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Home Birth: What You Need To Know

By Jana Angeles 

When it comes to choosing where to give birth to your child, many women have the option of choosing a home birth as opposed to doing it in a hospital setting. Some women may prefer to avoid the medical interventions that happen in a hospital, decreasing stress levels and approaching a much natural method when it comes to giving birth.

If you’re in good health and are currently experiencing an uncomplicated pregnancy journey, home birth is something you and your partner may consider. Of course, with any choice you may have, it’s important to weigh in the considerations of home birth before jumping the gun.

Make Sure You Do Your Research

Compared to hospital births, home births only make up less than 3% of all births, so doing your research is a necessity. It is very unlikely for you to find an ob-gyn who is qualified to undertake a home birth due to the fact that they are trained for potential complications during a medical event. Finding a midwife for the delivery of your baby is your best option. Be sure to interview potential candidates to make sure you are happy with your decision.

Ask them relevant questions like how much experience they have with home births, how many babies they have delivered in the past and if they have an assistant that they will be working with. Most midwives will have an assistant working with them during the home birth. We recommend picking a midwife with an assistant.

In NSW, you can search for a qualified midwife on either Home Birth Sydney and Midwives Australia.

Be Prepared For Emergencies

When it comes to picking the right midwife in delivering your baby, ensure that she is able to adapt to challenging medical complications if the situation arises. Ask specific questions on the complications she’s had to undergo and see if she is comfortable in handling emergencies.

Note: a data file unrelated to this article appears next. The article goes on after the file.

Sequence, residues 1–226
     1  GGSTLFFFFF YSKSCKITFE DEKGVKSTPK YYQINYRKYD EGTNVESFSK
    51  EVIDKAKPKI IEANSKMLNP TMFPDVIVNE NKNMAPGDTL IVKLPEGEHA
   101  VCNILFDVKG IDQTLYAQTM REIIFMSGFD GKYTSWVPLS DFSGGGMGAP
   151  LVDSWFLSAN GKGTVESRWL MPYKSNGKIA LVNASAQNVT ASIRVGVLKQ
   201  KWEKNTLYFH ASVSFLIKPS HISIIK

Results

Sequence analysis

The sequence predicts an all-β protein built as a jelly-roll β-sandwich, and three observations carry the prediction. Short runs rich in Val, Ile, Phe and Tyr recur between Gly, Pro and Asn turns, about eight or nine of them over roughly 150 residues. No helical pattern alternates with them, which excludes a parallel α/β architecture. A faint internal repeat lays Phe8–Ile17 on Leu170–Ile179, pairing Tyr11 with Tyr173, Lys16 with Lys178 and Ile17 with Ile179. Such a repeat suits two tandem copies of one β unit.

Home births can be stressful if things don’t go as planned so be sure to see if she is able to bring the right equipment and has the appropriate knowledge for challenging situations. Situations like resuscitating a newborn, suturing a severe laceration (suturing materials supplied by midwife) and administering the appropriate medication are all relevant scenarios you can pinpoint to your midwife.

Make sure she brings IV fluids, an oxygen tank and oxygen masks (varying sizes of different infants). In addition, she should also supply an oxygen delivery device for adults incase you need it.

If things don’t go as planned…

  • In an ideal situation, your midwife would have an established relationship with a doctor or hospital in case the home birth runs into complications.
  • Having an implemented emergency plan curated by your midwife can make things easier but if she doesn’t have someone where she can go to for more medical assistance, you will be treated in emergency. Here you can potentially undergo unnecessary tests and interventions due to the fact that the medical team won’t have any knowledge of your medical history. Many women would want to avoid this at all costs because it would defeat the purpose of having a home birth in the first place.

Plan The Important Stuff  

  • Who’s going to be there during your homebirth? Discuss with your partner which people you want present when you give birth to your baby. You may want close relatives and friends to be part of the event or in the case of emergency. Having extra support may help you ease any anxiety and stress you may be feeling for the home birth.
  • Get the necessary lab work and clinic tests done. It’s recommended by a midwife to get all the necessary checks and tests done in a clinic if you’re planning on doing a home birth. Having all the prenatal lab work and ultrasounds done by a doctor will have all those important medical files saved so in case you have to be transferred to a hospital, these can be passed on to the medical team.
  • Check your insurance policy. Be sure to double check what costs are covered if you’re having a home birth with your chosen insurance company. Discuss any extra costs that need to be paid out of pocket and ones that are covered for prenatal care and postpartum care.

Know The Risks Involved 

According to the Obstetrics & Gynecology journal, the risk of death to newborns delivered at home is nearly twice as much than newborns being delivered in a hospital setting. Though you may have an emergency plan in place, things can get complicated and you may need to be required to go to the hospital either way. There is also a risk that women delivering at home can experience prolonged labour and postpartum haemorrhage.

Home births can be one of the most rewarding things you can do as a parent but be sure to learn the risks first before taking the plunge. It’s important to take note of the considerations above and see if it’s the best for you and your baby’s health.

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